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Encrypt everything

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Virus makers aren't responsible for your corrupted files

Read: 21787 Comments: 2 Rating: 22

Friday, April 14, 2017

Sometimes it seems like the world has turned upside down. Lately, positive reviews (even from some IT security experts) have been appearing on the World Wide Web about services launched by criminals who distribute encryption ransomware. They praise the helpful support, flexible rates, the opportunity to test how well their corrupted files can be decrypted, etc. Given that few corrupted files are actually recoverable, feedback of this kind will help users sleep soundly and with a clear conscience refuse to spend anything extra on anti-virus software, user education, or employee training. After all, the ransom amount (as they say) is quite reasonable and the probability of an infection occurring is far from 100%, so it's easier to pay once and relax.

The problem is that few attackers are competent enough to encrypt files and be able to recover them later. And not all of them can (and want) to invest into high-quality support. Moreover, why go to such lengths if users are willing to pay anyway?

Android.Locker.420.origin (under the Dr.Web classification) doesn't have a data recovery feature. According to Zscaler experts, who analysed the ransomware's source code, they haven't found any functions that are responsible for transaction verifications or sending short messages. This means that fraud victims can't unlock their mobile devices and recover their data even if they pay the ransom.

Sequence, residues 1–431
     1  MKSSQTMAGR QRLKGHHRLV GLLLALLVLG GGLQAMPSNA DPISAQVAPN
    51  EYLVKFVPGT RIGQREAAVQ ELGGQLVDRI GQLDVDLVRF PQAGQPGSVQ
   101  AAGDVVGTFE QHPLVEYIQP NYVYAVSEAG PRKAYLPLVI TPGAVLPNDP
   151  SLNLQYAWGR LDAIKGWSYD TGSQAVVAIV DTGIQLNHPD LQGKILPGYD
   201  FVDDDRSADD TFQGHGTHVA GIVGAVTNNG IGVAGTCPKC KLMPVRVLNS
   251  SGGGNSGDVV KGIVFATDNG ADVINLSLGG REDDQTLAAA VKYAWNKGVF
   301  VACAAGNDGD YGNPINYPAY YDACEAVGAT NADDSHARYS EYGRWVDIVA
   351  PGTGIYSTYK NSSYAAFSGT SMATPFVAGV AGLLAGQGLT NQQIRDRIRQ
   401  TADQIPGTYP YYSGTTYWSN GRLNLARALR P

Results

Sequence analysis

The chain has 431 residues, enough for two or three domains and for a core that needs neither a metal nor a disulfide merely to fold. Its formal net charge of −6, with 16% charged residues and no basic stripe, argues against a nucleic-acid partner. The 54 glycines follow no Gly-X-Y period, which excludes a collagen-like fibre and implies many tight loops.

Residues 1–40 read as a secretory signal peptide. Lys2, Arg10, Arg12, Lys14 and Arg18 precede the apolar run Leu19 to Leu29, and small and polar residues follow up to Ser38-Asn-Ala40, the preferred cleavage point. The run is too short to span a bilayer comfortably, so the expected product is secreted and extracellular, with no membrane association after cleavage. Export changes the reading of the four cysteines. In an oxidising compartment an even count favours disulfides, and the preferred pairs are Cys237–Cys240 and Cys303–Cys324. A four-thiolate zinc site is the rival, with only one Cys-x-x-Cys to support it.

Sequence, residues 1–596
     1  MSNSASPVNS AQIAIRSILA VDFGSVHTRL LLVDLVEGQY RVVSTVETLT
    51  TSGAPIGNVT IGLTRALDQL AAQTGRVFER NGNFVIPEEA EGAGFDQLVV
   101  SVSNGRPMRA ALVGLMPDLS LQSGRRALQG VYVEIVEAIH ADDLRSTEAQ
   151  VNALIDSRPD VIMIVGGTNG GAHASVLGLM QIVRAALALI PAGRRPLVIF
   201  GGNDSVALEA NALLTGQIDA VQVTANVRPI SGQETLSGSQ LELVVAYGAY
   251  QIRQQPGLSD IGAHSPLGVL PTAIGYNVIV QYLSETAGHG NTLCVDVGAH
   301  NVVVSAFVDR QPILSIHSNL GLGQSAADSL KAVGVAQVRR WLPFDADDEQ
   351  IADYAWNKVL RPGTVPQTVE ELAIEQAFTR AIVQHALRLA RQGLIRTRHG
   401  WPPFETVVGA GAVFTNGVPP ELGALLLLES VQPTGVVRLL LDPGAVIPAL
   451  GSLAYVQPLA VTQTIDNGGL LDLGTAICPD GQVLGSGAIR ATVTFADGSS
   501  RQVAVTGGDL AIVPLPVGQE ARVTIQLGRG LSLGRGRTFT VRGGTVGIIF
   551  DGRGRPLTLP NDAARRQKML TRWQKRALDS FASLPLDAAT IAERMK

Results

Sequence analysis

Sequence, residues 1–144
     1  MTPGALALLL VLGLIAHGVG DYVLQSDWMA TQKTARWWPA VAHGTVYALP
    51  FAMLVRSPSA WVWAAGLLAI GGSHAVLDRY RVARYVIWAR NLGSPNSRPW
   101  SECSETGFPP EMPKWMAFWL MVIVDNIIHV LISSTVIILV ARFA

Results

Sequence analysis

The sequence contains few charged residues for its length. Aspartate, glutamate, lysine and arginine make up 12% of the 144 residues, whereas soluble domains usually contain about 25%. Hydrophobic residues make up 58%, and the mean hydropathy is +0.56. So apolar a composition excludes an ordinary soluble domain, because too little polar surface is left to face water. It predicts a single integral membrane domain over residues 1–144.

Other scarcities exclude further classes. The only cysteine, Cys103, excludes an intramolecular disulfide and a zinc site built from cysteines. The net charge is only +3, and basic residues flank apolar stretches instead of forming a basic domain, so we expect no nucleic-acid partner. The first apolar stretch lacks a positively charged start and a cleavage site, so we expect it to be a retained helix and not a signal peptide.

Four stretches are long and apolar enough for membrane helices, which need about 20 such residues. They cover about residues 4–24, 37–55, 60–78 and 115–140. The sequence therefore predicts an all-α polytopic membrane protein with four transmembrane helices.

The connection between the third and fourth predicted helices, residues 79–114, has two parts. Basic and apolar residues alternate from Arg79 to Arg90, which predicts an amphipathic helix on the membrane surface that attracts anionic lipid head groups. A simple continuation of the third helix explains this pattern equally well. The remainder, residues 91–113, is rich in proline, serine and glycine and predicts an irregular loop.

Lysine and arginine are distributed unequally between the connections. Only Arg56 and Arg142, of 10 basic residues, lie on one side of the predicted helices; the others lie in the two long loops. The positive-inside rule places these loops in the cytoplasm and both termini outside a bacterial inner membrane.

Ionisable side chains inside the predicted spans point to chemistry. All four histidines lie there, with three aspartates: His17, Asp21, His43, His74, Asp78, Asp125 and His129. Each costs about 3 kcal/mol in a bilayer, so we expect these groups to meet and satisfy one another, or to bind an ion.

Interestingly, the criminals don’t just make ransom demands—they also try to blackmail users.

Once their malware is installed in a system, it will stand by for four hours and then start displaying pop-ups requesting administrative privileges. Even if a user closes the notification, it will reappear until the user complies. After that the malware locks the device's screen and displays a message informing the user that their data has been encrypted and in order to recover it, they need to pay a 500 rouble ransom. It also threatens the user that if they refuse to pay, the malware will send a compromising short message to all of their contacts.

The experts stress the fact that this new ransomware uses features that enable it to avoid detection by anti-viruses. "Thanks to good code obfuscation and the use of Java Reflection, the ransomware can evade anti-viruses. In addition, the four-hour idle period enables it to avoid detection by anti-viruses that rely upon dynamic analysis".

#Trojan.Encoder #Trojan #encryption_ransomware #extortion

The Anti-virus Times recommends

It's simple: devices that run Dr.Web are protected from this threat. And those who are happy to pay can try their luck with data recovery. According to our statistics, the probability of success is no more than 10%.


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